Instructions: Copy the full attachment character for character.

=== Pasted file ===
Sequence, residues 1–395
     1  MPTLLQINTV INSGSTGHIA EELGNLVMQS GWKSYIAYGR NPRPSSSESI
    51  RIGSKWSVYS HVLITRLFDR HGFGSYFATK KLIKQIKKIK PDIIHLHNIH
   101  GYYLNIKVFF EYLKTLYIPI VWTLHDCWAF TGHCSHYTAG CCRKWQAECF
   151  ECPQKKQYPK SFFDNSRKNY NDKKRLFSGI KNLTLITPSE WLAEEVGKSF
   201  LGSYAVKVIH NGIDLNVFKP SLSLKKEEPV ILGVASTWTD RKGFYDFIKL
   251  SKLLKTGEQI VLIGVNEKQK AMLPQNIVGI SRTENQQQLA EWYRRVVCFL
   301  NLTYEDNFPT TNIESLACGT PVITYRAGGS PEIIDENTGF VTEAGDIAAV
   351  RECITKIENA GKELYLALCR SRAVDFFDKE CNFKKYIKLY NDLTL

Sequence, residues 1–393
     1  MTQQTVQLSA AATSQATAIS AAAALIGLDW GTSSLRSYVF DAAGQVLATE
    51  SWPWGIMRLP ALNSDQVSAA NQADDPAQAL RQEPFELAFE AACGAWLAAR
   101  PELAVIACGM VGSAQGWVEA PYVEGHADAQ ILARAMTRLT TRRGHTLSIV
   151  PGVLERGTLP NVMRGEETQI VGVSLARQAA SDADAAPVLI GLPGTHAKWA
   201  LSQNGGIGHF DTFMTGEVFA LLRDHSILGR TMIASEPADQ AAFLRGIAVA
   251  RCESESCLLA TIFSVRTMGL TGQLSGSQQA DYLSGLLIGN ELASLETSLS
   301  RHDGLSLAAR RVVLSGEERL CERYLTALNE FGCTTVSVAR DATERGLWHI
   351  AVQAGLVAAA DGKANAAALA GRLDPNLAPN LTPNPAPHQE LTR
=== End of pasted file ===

Sequence, residues 1–395
     1  MPTLLQINTV INSGSTGHIA EELGNLVMQS GWKSYIAYGR NPRPSSSESI
    51  RIGSKWSVYS HVLITRLFDR HGFGSYFATK KLIKQIKKIK PDIIHLHNIH
   101  GYYLNIKVFF EYLKTLYIPI VWTLHDCWAF TGHCSHYTAG CCRKWQAECF
   151  ECPQKKQYPK SFFDNSRKNY NDKKRLFSGI KNLTLITPSE WLAEEVGKSF
   201  LGSYAVKVIH NGIDLNVFKP SLSLKKEEPV ILGVASTWTD RKGFYDFIKL
   251  SKLLKTGEQI VLIGVNEKQK AMLPQNIVGI SRTENQQQLA EWYRRVVCFL
   301  NLTYEDNFPT TNIESLACGT PVITYRAGGS PEIIDENTGF VTEAGDIAAV
   351  RECITKIENA GKELYLALCR SRAVDFFDKE CNFKKYIKLY NDLTL

Sequence, residues 1–393
     1  MTQQTVQLSA AATSQATAIS AAAALIGLDW GTSSLRSYVF DAAGQVLATE
    51  SWPWGIMRLP ALNSDQVSAA NQADDPAQAL RQEPFELAFE AACGAWLAAR
   101  PELAVIACGM VGSAQGWVEA PYVEGHADAQ ILARAMTRLT TRRGHTLSIV
   151  PGVLERGTLP NVMRGEETQI VGVSLARQAA SDADAAPVLI GLPGTHAKWA
   201  LSQNGGIGHF DTFMTGEVFA LLRDHSILGR TMIASEPADQ AAFLRGIAVA
   251  RCESESCLLA TIFSVRTMGL TGQLSGSQQA DYLSGLLIGN ELASLETSLS
   301  RHDGLSLAAR RVVLSGEERL CERYLTALNE FGCTTVSVAR DATERGLWHI
   351  AVQAGLVAAA DGKANAAALA GRLDPNLAPN LTPNPAPHQE LTR